Everyone else is busy, too. I knew that no one was going to object if I didn’t add the dancers’ names. Thank you for holding me accountable.

  5. Nancy Dalva
    April 16, 2012

    Dear Siobahn,
    While that was my comment, it was also a projection of what I imagined the thinking to be at the copy desk. Generally, I am obsessive about intellectual property rights, dates, identifications. and as a documentarian, extremes of metadata (such as identifying everyone in a film of a class by attire, with a coded system top to socks). When writing, I like facts, they tether concepts. However, in this case, I probably would have thought,” I hate this horse anyway, do I want to make a point with it enough to deal?” “An unidentified performer in a horse costume” would probably have suggested itself as a solution if I didn’t get an answer back on an e-mail at deadline–or merely if I were feeling rather cross, I admit. That way, at least you are turfing off the lack of identity onto the supplier of the photo. And, at least on the internet, when somebody complains that you haven’t identified his ass, you can fix it….The cult of the personality of the dancer is another topic for another day….
    Very best,
    Nancy

  6. Sarah Maxfield
    April 16, 2012

    Thanks for these thoughtful responses. I’m thrilled that this is provoking thought – and action! (Also, it’s a great day for me when I’m linked even in a small way with Artaud. Thanks for that, Nancy. Though, I’d say my rallying cry is “NO MORE REDUCTIVISM!” or perhaps “EMBRACE COMPLEXITY.”) I hope that the primary take-away here though is not shame for the times we’ve under-credited, but an increased awareness of certain systemic inequalities of artistic recognition, to which we all contribute, and which we can all work together to shift.

  7. [...] delighted to have contributed this piece, on the importance of crediting dancers as artists, to Claudia La Rocco’s [...]

  8. Jillian Sweeney
    April 17, 2012

    Super lovely thread, Sarah. Crediting was always such an enjoyable part of being a publicist for me, but often I was warding off deadlines to put my eyes on those gorgeous details/bodies/faces. Or, as Siobhan pointed out, perhaps it was more aptly labeled as the *feeling* of warding off deadlines. For the worker-bee, this can feel like getting a visit from Puck. Seeming diversion. (Also. I love Puck. Worker-bee is less natural in me. But, that was supposed to be a secret. Oopsy.)

    Anyhow, self-reflection aside, this line of thought easily gets rolled into minutaeland for an organization, especially the large understaffed ones. And visually it is a small detail. Captions are often 9 pt or less, yes? (someone fact-check me)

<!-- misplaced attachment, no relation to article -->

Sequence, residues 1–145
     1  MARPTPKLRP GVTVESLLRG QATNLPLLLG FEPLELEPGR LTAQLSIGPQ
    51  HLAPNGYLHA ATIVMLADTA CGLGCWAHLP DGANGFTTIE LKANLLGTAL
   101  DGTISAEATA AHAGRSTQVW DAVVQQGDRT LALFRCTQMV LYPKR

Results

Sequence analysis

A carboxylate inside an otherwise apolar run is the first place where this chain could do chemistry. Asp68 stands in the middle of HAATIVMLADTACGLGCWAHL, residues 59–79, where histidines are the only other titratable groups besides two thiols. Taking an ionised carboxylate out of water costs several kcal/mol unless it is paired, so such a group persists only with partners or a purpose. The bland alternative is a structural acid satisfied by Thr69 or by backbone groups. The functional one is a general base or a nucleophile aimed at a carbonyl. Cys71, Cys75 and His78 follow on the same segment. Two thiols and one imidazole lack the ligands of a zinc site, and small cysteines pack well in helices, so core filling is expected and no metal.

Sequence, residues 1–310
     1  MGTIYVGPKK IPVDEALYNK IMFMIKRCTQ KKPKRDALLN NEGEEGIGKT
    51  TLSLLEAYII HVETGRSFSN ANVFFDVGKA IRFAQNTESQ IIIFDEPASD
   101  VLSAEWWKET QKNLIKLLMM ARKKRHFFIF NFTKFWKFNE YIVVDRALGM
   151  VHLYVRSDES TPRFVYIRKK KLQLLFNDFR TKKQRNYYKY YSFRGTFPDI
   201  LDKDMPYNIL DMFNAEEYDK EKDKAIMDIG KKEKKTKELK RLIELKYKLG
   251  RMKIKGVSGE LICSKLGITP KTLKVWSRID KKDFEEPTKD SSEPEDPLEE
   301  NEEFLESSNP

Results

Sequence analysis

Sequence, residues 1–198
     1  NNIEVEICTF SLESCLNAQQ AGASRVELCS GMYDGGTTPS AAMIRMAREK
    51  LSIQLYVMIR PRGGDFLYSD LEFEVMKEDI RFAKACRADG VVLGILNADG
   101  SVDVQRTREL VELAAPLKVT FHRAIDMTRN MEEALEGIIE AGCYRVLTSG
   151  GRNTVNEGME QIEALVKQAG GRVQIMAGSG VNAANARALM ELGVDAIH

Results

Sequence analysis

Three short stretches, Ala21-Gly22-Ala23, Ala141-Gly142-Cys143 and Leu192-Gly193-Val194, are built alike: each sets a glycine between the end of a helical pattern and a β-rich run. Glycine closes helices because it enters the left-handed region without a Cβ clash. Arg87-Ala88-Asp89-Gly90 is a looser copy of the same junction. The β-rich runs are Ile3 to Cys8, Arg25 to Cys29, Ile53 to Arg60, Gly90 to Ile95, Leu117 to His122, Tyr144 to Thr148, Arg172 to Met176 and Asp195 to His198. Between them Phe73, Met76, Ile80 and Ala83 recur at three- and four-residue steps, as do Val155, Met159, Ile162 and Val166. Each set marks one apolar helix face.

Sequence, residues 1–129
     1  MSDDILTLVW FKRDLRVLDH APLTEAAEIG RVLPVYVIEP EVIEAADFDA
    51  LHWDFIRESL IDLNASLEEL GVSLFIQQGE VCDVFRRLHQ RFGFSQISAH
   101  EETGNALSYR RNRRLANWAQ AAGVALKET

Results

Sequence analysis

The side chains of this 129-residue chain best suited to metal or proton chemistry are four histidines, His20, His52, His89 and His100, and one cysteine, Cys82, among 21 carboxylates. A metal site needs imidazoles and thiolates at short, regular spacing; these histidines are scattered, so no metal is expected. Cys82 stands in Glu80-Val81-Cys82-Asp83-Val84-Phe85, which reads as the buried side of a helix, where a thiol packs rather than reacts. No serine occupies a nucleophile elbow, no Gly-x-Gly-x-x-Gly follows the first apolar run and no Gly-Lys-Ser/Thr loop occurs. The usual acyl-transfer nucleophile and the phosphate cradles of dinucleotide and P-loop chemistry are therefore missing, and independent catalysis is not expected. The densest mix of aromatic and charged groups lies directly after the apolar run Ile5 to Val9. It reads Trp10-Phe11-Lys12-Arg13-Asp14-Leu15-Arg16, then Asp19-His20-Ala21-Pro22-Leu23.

We need the magnifying glass to see the names of performers. It’s a systematic hierarchy of our publishing system. Headline, picture, byline, body text, caption. (sigh) And embedded in that inherited structure is the idea of performance recreated in new form – the most invisible (and magical) thing about a good story. In that framework, the names of artistic collaborators multiply like those statistical factor trees.

    It is a good thing to take up the magnifying glass in the midst of all this. And by no means am I trying to belittle performance and performers with that metaphor. Performers are most nameable on the stage… and where I like them most. (in my unwritten memory, a close second)

    On the page, the work is different… which as you’ve pointed out, Sarah – bodes problems for our collective memory. Who and how much do we lose? And goodness, how did we ever remember before written-down storytelling became a new technology?

    I’m not sure if this is a directive for our institutions so much as a powerful, tiny change for our personal missions, which go unpublished everyday.

  9. Emily Wexler
    April 18, 2012

    This is amazing. Thank you for writing this. My response to this, and to the already complexly thoughtful responses included, is difficult to articulate. But let me try to further illuminate the basic disregard and indecency I have personally experienced with my history as a dancer (not to mention as a professional artist model). Because I think that is what is so poetically being addressed here – a call for a basic regard for the subjectivity of those whose bodies are somehow simultaneously so public, yet so painfully erased. In my own case, not only has my name frequently been excluded from an image in the press, a show, a credit, but also, sadly, my naked body has appeared in prominent publications without my permission. The times it has happened (more than once) no one ever asked me if it was ok. Seriously, I would just open up the magazine and there I would be. Sincerely, it occurred multiple times, in multiple works, with multiple projects (yet never my own). When I agree to dance nude, am I also agreeing to loose all of my rights of representation? Who owns my body? The choreographer? The editor? The journalist? The visual artist who is painting me? The student? The photographer? Who? Me? Right? I realize the slip (and most slips) happen simply. I am sure the choreographer gave the publication the images of me, and I am sure it was assumed that the choreographer had already received my permission, or the publication assumed the image was of the choreographer and not a dancer, or I dunno, some sort of misunderstanding. There are a lot of reasonable explanations for why incredibly important questions don’t get asked. But someone should have checked. Because I think if you adhere to basic consideration, then an image of a naked woman always requires double-checking. Otherwise she becomes just another nameless, faceless, voiceless, invisible, absent, replaceable female body in print. Even if the dancers are not nude, without a name, they literally become nameless. Which, I believe, is one of the crucial mechanisms underneath the systemic condition of insignificance.

  10. Sarah Maxfield
    April 19, 2012